Isn’t a wonderful, lemony scent enough reason to keep some in the garden? Surely you can spare a square foot to a non-edible, right?

    Oh, and if you do find a good use for this plant, please let me know!

  2. Jono

    JonoMay 20, 2013 at 8:59 pmReplyAuthor

    Yes, I’ll keep it for sure, even if I move the plant in with the ornamentals. You’re right about the scent, and it is a very attractive, evergreen perennial, so definitely a winner.

    I’m rather addicted to herb plants at the moment as it goes, so the lemon balm will stay. :)

  3. ChrisMay 21, 2013 at 5:34 amReply

    Hey Jono,

    If you’re feeling a bit alternative you could make a lip balm with it.

    Here’s the recipe:

    http://www.bbc.co.uk/tv/features/growyourowndrugs/episode4.shtml

    My wife can never find her lip balm – so could be a double win?

    Chris

  4. Helle (Helen)May 21, 2013 at 7:23 amReply

    Thank for the suggestions on what to do with lemon balm. I have it all over the garden as it self-seeds prolifically. The smell is lovely, but so far I haven’t used it much, tried it in iced tea several times but found the taste disappeared. Shall give your tea a try. And I’ll be very happy if it really does work as a cat deterrent.

  5. Amy BrambleMay 21, 2013 at 12:12 pmReply

    I’ve a feeling I’ve seen a recipe for a lemon balm pesto somewhere (worth a google perhaps?) I’ve also added it to butter to make a lemon balm butter for fish or to homemade mayo with other herbs like dill/chives…

  6. Jono

    JonoMay 21, 2013 at 7:11 pmReplyAuthor

    Thanks for the suggestions everyone.

    Definitely a double win Chris. Plus free herbal tea, got to be an allotment hack that??

    Let me know if you like the tea Helen, I was pleasantly surprised.

    These recipes look good for lemon balm pesto Helen:
    http://www.healthygreenkitchen.com/lemon-balm-and-cashew-pesto.html
    http://sogoodandtasty.blogspot.co.uk/2011/06/lemon-balm-pesto-pasta.html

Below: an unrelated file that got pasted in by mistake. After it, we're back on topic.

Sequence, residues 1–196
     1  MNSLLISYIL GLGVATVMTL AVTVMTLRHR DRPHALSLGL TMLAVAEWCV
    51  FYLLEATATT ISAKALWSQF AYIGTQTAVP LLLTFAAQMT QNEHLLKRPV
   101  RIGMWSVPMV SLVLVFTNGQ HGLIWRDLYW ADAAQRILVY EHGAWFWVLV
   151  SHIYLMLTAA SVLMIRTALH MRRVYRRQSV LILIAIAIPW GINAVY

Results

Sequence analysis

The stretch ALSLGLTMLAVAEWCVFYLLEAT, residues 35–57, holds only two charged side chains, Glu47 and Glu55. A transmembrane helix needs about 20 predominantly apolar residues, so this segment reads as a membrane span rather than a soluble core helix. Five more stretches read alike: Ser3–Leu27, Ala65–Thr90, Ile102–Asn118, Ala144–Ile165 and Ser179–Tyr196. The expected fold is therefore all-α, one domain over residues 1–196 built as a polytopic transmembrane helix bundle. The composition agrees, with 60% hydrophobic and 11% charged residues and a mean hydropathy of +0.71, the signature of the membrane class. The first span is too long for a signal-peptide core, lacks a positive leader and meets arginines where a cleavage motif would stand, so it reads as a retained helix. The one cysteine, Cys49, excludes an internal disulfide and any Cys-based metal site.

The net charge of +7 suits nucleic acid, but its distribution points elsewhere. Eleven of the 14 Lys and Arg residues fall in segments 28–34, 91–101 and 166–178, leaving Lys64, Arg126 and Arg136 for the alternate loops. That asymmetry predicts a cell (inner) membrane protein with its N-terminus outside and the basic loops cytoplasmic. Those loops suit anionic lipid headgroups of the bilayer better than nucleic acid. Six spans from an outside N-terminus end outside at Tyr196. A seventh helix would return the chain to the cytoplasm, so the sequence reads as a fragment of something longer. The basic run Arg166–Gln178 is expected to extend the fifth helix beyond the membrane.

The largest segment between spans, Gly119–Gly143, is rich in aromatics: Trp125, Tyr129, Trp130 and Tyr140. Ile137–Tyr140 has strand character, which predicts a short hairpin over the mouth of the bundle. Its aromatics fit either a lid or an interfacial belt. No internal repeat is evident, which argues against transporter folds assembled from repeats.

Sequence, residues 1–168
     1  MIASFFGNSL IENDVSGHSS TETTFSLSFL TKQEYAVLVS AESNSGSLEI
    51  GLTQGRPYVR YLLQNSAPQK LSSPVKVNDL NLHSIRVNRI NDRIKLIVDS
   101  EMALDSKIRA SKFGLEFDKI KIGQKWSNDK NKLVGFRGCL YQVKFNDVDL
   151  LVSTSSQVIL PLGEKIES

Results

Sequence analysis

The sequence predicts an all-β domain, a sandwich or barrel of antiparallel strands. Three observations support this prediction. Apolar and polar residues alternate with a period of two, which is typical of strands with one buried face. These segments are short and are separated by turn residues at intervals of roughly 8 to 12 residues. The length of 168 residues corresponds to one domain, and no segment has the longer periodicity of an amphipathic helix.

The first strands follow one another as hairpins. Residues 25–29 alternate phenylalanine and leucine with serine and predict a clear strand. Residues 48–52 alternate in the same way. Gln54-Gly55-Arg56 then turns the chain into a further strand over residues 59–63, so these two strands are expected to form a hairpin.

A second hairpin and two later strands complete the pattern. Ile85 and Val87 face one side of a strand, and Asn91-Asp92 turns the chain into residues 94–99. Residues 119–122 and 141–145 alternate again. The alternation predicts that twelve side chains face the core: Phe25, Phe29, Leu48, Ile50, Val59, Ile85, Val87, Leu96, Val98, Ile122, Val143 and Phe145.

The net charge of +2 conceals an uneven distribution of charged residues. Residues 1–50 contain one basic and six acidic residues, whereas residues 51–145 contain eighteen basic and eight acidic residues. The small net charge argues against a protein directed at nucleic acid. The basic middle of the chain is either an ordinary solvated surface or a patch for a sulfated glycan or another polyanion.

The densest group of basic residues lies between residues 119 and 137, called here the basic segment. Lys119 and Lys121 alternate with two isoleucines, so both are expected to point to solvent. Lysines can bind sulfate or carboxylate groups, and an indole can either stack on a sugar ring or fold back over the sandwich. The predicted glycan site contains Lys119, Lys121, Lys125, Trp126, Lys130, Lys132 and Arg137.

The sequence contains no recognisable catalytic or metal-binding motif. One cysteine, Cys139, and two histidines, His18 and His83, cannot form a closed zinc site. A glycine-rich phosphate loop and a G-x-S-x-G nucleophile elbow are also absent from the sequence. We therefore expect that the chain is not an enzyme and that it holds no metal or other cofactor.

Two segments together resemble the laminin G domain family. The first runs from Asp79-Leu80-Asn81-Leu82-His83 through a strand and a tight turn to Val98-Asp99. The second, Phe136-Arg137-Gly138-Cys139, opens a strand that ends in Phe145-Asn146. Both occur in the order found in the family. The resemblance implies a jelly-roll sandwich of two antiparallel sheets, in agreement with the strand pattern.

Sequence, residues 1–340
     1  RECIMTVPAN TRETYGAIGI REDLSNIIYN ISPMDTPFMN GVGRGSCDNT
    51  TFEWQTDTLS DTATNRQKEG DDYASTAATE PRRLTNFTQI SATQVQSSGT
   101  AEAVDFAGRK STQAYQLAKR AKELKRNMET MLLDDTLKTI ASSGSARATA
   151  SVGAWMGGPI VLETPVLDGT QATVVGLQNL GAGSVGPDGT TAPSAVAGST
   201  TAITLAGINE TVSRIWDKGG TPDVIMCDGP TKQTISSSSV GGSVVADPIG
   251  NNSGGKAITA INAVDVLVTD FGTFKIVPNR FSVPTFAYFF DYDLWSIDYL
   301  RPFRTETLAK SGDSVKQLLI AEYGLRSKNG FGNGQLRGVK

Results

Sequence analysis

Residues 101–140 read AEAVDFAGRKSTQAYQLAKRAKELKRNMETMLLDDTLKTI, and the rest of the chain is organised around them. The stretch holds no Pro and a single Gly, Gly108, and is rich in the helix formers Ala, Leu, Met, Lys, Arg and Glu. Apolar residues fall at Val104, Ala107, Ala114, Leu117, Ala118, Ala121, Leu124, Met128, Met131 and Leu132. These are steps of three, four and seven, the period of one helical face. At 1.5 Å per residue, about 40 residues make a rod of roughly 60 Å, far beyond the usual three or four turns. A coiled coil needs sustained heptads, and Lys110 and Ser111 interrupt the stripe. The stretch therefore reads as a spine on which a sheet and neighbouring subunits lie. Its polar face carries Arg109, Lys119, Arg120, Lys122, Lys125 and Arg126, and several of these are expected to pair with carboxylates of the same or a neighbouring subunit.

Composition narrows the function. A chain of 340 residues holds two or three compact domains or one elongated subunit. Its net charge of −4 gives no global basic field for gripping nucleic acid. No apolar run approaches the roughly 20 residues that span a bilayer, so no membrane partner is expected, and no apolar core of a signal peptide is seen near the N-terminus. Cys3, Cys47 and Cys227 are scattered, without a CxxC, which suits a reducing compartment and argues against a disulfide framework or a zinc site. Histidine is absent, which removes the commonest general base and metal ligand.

Will give them a try.

  7. Carole Veggie-Chicken SharpMay 21, 2013 at 7:28 pmReply

    I lurve the smell of lemon balm – just running my fingers through it is enough reason to keep it! Lemon balm tea (no honey) is very refreshing on a hot summer’s day – whatever they are. Otherwise, I just chop a few leaves in with a green salad or with pasta. Just brightens the whole thing up. Chop the leaves finely though as they feel a bit bristly!!

  8. Jono

    JonoMay 21, 2013 at 7:30 pmReplyAuthor

    Thanks Carole, I’m going to give pasta a go. I noticed that about the bristly feel, especially on the bigger leaves. quite a funny feeling!

  9. MarkMay 24, 2013 at 3:57 pmReply

    Jono you have inadvertantly reminded me what is missing from my herb patch… Lemon balm is now on the shopping list!. It will also put pay to those pesky cats hopefylly too.

    With regards to uses….it’s supposed to be good if used when making homemade ice-cream/sorbet.. I think Jamie Oliver used it on one of his quick meal programs.

  10. Jono

    JonoMay 27, 2013 at 6:33 amReplyAuthor

    Brill, thanks Mark – I have that cookbook so will have a look through. My wife did indeed come up trumps with the ice cream maker for my birthday, so I’m going to be making some ice cream soon.

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meIn 2007, I took on a redundant allotment plot with my gardening-mad mum Jan. As all good mums do, she went along with it, but I don’t think she held out much hope. However, over a decade later, and she now lets me do stuff without watching over my shoulder, so I must be doing something right. [ read more ]